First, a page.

As a result of the interaction between the coils 4 and the magnets 5, forces are formed which vary in value and which will cause couples on the rotor varying in value. The resulting accelerations and retardation of the speed of rotation of the rotor are inversely proportional to the mass of the rotor. Apart from separate speed controls, an extra mass of the rotor will hence be favorable for a circumferential speed of the rotor which is as constant as possible.
The carrier 3 is manufactured from a synthetic resin which is mixed with a material having a higher specific mass. In this manner the overall mass of the rotor can be increased without this requiring separate elements, for example, a separate fly-wheel.
The absence of such extra elements is favorable as regards the manufacturing costs of the rotor and it also has a space-saving effect.
The specific mass of most synthetic resins is approximately 1 g per cubic centimeter. The addition of the filler with which the synthetic resin is mixed will, of course, have the more effect according as the specific mass thereof is larger than that of the synthetic resin and according as more of it is added. However, limits are imposed by requirements imposed on the physical and mechanical material properties, for example, rigidity, miscibility, bonding, temperature resistance, processibility in injection molding machines, electrical insulation etc. of the combination of synthetic resin and filler.
In practice the combination of a polyamide mixed with lead oxide proves to be very satisfactory. The mass of the carrier may be increased by approximately a factor 5 with respect to a carrier of synthetic resin without admixture. As a result of this the carrier with coils also serves to a considerable extent as a fly-wheel. Other combinations of a thermoplastic or thermosetting synthetic resin, for example on the basis of phenol or urea, with a heavy filler are also possible, however. The carrier with the coils is preferably manufactured as a single component in a matrix by injection moulding.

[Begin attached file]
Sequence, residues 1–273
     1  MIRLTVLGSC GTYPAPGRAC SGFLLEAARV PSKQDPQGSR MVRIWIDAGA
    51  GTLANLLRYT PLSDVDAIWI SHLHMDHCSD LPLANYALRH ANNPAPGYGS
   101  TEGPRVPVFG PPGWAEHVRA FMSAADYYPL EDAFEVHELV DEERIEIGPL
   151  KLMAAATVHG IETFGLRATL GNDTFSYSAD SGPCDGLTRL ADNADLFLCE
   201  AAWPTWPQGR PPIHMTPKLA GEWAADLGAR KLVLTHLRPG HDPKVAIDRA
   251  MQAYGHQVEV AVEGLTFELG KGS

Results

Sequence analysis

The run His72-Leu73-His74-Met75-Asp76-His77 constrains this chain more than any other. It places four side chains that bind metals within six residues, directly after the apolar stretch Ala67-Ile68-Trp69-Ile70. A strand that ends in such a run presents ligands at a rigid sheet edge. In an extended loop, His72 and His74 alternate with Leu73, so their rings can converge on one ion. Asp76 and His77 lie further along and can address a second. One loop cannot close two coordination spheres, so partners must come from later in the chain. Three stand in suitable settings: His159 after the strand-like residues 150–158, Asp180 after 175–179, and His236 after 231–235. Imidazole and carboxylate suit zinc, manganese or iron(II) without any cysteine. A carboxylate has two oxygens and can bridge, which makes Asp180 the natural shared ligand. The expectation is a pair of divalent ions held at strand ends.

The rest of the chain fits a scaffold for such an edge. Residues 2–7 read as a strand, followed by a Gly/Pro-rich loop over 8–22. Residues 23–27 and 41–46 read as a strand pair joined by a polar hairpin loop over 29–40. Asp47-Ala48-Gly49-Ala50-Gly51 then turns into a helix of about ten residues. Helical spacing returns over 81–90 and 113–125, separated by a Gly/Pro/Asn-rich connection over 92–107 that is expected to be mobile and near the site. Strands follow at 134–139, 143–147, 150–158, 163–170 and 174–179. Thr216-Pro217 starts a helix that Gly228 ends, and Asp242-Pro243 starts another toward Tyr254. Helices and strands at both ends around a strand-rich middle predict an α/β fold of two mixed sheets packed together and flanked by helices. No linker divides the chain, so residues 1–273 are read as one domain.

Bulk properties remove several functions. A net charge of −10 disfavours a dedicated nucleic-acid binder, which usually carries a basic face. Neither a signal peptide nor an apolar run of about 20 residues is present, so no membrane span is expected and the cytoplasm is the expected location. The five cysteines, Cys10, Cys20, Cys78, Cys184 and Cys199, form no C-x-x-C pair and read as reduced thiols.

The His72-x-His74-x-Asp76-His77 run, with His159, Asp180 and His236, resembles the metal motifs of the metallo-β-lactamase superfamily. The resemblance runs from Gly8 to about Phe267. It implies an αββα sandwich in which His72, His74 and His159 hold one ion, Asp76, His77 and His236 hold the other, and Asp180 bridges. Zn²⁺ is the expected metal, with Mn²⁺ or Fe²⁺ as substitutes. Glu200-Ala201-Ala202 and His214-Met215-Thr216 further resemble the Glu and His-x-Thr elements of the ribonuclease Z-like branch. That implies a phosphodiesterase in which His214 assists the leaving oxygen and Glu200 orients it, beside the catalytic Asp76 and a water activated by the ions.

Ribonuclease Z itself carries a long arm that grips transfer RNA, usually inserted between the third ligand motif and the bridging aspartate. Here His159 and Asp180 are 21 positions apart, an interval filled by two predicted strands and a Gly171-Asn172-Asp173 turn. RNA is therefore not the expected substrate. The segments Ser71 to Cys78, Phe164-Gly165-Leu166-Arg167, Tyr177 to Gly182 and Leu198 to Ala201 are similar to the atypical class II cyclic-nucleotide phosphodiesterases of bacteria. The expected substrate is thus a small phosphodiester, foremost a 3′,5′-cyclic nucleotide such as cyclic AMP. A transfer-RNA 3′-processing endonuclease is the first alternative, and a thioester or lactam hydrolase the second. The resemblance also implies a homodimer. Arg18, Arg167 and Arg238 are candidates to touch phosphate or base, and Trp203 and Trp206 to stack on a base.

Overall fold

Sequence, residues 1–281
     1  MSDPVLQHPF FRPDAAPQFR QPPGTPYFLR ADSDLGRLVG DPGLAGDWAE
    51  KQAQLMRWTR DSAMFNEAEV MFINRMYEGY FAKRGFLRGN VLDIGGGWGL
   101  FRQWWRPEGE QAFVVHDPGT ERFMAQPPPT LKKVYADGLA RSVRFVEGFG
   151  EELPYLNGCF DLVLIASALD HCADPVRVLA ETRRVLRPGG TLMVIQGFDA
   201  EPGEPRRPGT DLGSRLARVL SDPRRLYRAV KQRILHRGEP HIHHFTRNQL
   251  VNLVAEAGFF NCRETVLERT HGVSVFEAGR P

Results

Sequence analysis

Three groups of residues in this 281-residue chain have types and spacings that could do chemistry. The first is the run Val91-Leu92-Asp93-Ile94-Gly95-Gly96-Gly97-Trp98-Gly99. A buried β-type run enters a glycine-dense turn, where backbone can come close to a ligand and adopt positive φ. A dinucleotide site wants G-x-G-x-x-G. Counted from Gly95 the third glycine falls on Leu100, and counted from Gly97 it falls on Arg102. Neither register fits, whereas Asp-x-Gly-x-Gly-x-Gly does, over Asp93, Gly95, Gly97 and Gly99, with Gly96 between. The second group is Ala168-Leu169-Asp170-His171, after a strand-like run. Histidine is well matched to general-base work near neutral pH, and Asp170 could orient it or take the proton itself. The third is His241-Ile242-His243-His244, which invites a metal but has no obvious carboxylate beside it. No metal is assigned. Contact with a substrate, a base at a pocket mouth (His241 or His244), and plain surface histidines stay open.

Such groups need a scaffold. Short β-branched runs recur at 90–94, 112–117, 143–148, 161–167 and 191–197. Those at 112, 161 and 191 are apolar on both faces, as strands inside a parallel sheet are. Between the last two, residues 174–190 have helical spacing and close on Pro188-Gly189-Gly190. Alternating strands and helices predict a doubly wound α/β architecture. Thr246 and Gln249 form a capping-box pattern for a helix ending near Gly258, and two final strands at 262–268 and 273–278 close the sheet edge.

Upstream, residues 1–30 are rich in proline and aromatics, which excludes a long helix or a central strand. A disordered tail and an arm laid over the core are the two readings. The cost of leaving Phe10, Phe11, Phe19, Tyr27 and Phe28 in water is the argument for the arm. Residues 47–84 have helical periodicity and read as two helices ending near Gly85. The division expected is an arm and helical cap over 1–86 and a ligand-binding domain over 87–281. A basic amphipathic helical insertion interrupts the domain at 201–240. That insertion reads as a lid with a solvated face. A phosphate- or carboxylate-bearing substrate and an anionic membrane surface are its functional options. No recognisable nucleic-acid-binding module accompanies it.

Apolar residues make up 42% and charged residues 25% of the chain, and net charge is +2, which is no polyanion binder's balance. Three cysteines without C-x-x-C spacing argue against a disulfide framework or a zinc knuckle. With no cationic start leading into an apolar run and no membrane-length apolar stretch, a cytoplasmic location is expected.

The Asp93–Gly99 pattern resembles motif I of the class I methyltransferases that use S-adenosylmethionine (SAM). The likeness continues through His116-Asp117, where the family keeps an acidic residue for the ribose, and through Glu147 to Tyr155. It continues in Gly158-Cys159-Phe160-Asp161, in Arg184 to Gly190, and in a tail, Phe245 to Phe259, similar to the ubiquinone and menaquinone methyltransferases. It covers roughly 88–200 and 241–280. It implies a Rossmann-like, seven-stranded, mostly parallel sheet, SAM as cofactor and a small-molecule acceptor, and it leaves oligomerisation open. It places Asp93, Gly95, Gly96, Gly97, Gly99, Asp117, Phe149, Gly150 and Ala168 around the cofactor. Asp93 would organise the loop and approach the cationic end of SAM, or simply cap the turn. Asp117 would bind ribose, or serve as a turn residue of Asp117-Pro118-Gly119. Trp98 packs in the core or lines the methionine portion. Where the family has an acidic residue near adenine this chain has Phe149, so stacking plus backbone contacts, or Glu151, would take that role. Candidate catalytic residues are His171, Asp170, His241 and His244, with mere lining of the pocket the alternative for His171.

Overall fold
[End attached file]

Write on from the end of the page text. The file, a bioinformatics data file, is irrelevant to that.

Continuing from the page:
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|US8324764||Dec 4, 2012||Black & Decker Inc.||Method for forming a power tool|
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|US8850690||Nov 1, 2012||Oct 7, 2014||Black & Decker Inc.||Method of forming a power tool|
|US8901787||Nov 1, 2012||Dec 2, 2014||Black & Decker Inc.||Method of forming a power tool|
|US8937412||Nov 1, 2012||Jan 20, 2015||Black & Decker Inc.||Method of forming a power tool|
|US8997332||Nov 1, 2012||Apr 7, 2015||Black & Decker Inc.||Method of forming a power tool|
|US20110074235 *||Sep 29, 2010||Mar 31, 2011||Ngan Fai Leung||Air cooled electric motor|
|U.S. Classification||310/43, 310/268, 310/44, 310/74|
|International Classification||H02K3/00, H02K23/54, H02K7/02|
|Cooperative Classification||H02K23/54, H02K7/02, Y02E60/16, H02K3/00|
|European Classification||H02K3/00, H02K7/02, H02K23/54|
|Dec 4, 1984||AS||Assignment|
Owner name: U.S. PHILIPS CORPORATION, 100 EAST 42ND STREET, NE
Free format text: ASSIGNMENT OF ASSIGNORS INTEREST.;ASSIGNOR:VAN DE GRIEND, JAN M.;REEL/FRAME:004334/0400
Effective date: 19841120
Owner name: U.S. PHILIPS CORPORATION,NEW YORK
Free format text: ASSIGNMENT OF ASSIGNORS INTEREST;ASSIGNOR:VAN DE GRIEND, JAN M.;REEL/FRAME:004334/0400
Effective date: 19841120
|Jul 25, 1989||REMI||Maintenance fee reminder mailed|
|Dec 24, 1989||LAPS||Lapse for failure to pay maintenance fees|
|Mar 13, 1990||FP||Expired due to failure to pay maintenance fee|
Effective date: 19891222